Alternatively, How To Get Started With anything
I was reading a blog post written by Tim Eibe, founder of www.testdemy.com. Its title is: How To Get Started In Software Testing, my first thought was: “Well, just how you get started with doing everything.”
I wrote a little comment on Facebook about it, Tim liked my idea, and I decided to open it up and write a little bit more about it!
Understand your why
When it comes to learning, think about your why and the meaning you get out of it. It is important that what you want to learn is meaningful to you and therefore engaging. Let’s take me as an example, why do I love testing and learning about it?
Who are you?
The hard part is, to know who you are, and in general, people do not. So who am I? It took me some time, failures, feedback and insight to figure out what I am about and it is still a flaky approximation. You need to work out who you are, to learn what will provide you with meaning. (Also, it will help you with every decision you have to make in your life.)
A TL;DR; about me
- I love to deconstruct things.
- I hate routine work.
- I like to make people stronger.
- I am willing to take responsibility, if necessary.
- I am ready to take leadership if needed.
Find what is meaningful for you
I want to help people, and I am willing to burden myself with it. Supporting people means to deconstruct things, to find what’s wrong. Because Issues are often unclear, I need to be creative, which is the opposite of routine.
That is why testing is my thing. It is a very creative thing to do, which is the opposite of routine (if it is, automate it), and I am helping other people to create greater value.
Let’s take something that would not work out with me: being a bricklayer. It is not creative, I would build strong walls, instead of people – it would kill my soul. Other people love this kind of work – I will not, and there is no reason for me to learn it.
I hope I made it clear: learn things that fit you, don’t learn something because it is cool right now, or your mother tell you it is important. You will probably fail if you do this, even if you do not, it will make you miserable and ineffective while working with your learning.
Attention: Motivation sucks
A word of warning, ignore motivation. You started many things and finished nearly nothing? Well, you are a victim of motivation, motivation is a trap.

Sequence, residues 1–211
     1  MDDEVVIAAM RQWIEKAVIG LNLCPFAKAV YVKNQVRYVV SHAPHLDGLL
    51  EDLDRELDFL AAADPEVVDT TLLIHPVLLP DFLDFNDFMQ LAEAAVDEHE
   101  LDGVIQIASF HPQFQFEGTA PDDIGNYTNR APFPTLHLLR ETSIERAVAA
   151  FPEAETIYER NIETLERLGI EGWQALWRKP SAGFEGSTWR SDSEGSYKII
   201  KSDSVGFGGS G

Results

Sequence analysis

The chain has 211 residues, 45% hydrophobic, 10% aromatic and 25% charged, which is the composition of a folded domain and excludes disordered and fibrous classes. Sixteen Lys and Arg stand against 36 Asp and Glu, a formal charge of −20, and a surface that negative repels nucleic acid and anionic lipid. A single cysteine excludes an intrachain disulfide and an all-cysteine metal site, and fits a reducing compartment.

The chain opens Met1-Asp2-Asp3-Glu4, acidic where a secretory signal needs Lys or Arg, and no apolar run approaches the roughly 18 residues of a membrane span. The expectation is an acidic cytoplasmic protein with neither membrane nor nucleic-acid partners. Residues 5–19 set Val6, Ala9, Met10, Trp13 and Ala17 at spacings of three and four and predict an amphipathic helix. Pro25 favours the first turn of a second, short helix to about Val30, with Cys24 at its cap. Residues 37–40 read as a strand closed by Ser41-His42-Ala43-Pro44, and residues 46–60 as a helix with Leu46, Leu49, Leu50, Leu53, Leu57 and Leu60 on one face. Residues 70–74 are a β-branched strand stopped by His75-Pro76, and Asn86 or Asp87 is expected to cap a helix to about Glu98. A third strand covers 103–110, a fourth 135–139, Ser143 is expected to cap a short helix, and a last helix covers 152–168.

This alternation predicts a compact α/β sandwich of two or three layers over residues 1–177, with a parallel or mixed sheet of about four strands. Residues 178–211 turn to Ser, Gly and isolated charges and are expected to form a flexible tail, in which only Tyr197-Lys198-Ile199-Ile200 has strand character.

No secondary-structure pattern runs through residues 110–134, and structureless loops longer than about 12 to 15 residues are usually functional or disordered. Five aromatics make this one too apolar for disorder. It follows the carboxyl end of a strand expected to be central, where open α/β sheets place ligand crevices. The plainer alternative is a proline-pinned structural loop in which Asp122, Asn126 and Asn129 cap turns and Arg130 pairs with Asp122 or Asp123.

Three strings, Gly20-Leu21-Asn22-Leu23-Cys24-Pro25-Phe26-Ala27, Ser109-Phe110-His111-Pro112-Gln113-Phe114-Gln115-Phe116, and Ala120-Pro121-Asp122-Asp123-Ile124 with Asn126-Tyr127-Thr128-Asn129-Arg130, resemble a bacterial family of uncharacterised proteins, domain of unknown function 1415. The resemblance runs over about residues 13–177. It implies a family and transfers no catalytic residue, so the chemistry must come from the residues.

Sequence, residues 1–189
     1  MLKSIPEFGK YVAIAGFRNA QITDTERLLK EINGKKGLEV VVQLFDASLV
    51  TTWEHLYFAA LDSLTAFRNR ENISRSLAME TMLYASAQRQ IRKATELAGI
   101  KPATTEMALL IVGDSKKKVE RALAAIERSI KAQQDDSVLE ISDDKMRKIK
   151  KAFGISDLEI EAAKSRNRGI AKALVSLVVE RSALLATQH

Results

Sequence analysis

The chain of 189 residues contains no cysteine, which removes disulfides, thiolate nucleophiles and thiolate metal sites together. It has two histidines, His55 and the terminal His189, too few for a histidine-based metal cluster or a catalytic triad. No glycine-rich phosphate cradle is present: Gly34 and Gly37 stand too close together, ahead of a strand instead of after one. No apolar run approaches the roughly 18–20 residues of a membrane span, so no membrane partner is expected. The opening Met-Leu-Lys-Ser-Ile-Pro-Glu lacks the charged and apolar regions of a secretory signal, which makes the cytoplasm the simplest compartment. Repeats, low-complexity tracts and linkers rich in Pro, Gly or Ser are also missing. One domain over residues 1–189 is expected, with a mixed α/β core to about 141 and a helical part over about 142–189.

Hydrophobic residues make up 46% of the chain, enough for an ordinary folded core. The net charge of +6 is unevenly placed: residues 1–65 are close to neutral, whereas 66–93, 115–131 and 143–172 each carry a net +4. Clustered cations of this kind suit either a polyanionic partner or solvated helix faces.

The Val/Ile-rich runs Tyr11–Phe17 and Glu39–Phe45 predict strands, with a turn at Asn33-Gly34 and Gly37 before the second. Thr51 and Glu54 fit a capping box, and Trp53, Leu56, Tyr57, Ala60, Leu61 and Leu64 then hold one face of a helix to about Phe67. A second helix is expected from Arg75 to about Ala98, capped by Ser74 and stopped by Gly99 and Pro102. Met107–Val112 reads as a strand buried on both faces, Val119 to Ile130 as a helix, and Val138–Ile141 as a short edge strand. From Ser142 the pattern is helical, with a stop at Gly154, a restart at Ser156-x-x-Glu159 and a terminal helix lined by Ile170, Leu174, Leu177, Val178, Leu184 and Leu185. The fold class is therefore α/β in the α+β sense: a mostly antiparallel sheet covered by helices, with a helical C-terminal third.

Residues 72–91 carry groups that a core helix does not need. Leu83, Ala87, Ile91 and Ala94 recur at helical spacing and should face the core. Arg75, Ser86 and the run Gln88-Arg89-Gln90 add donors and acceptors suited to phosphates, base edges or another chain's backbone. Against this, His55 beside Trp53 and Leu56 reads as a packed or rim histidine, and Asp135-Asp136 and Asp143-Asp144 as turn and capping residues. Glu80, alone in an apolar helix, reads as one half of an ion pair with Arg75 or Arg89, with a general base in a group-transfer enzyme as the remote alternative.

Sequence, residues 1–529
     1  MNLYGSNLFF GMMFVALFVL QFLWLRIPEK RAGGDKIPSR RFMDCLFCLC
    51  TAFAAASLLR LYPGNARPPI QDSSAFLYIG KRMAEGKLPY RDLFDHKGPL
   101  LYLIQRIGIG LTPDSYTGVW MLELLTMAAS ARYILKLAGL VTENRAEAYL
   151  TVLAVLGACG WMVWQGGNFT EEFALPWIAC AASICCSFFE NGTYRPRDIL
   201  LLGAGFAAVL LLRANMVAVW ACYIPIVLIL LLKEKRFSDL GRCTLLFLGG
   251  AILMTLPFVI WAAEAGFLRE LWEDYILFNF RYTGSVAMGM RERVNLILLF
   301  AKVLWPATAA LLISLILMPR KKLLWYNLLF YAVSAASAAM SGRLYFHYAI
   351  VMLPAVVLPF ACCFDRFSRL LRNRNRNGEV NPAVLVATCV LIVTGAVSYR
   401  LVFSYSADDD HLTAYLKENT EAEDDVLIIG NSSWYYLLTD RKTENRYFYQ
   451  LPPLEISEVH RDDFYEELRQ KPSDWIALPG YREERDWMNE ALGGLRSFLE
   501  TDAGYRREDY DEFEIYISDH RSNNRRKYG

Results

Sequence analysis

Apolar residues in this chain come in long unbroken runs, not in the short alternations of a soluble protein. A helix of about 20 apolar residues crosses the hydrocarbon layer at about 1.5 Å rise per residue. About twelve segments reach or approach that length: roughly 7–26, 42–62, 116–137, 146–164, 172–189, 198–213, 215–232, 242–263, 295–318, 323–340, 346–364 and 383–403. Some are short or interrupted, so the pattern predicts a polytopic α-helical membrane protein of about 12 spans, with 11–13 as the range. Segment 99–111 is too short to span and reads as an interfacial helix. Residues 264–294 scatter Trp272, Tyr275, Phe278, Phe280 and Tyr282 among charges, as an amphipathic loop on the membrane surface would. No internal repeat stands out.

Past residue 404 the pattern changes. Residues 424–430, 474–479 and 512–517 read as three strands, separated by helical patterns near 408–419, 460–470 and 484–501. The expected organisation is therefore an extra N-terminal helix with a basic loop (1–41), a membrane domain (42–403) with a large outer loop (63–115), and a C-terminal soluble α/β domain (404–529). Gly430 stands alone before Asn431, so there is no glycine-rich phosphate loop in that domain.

Do not do things, solely because you are motivated. Motivation is lovely, but it will inevitably fade and with it the reason to do what you wanted to do. (Many people think they procrastinate a lot, but they just chose to do things they felt motivated for and nothing more.)
Let’s do the learning
After we made clear, what you should learn, let’s talk about the how, I will outline my strategy, feel free to build you plans around it.
Step 1: Get an Overview
Find out which disciplines are part of the field you want to be part of, make a list of things you find on the internet, read introductions, talk to people. You will learn that there are many disciplines in any field.
Don’t over do this phase. Maybe you did not figure out that “exploratory testing” is a subject in the area of testing? No problem, you will discover later what you missed now, or it dos not matter. Take the things you found and write a list; I like to create a Kanban with them.
Step 2: Learn one thing at a time
Now you have a map, start to explore it. Learn one thing from the list at a time, to at least a minimal viable level. The biggest trap is to know something about everything, while not being good enough in anything to be useful.
The idea is to get a good feeling for the disciplines and to enable you to talk about them. Implement some things, experiment a little, read some tutorials. The goal is not to be fluent, but to be ready. Still, don’t overdo it!
Step 3: Time to be single-minded
Now it is time for overdoing! Chose the thing you liked the most, for me it was TDD. Now learn about it and implement it until you are at a professional level and you can teach it too. If you cannot teach it, you do not know enough about it. Be single-minded, sure integration tests are interesting, but I committed to TDD. It is completely okay to be excellent at only one thing! (This is one more thing than most other people you will meet are excellent in.)
After you build yourself up to be very competent in one discipline, chose the next topic to learn about. It will get harder and harder to add new things, and there is no way to be the Chief Everything Officer. Just skip step three, and you can learn a lot in a short time.
You cannot go wrong with further specialization, and I think it should be a priority. Being mediocre in many things will aid you, as long as you are remarkable and prolific in at least one field of work.
To reach this goal, it will take effort and time. Nothing that has value comes free after all.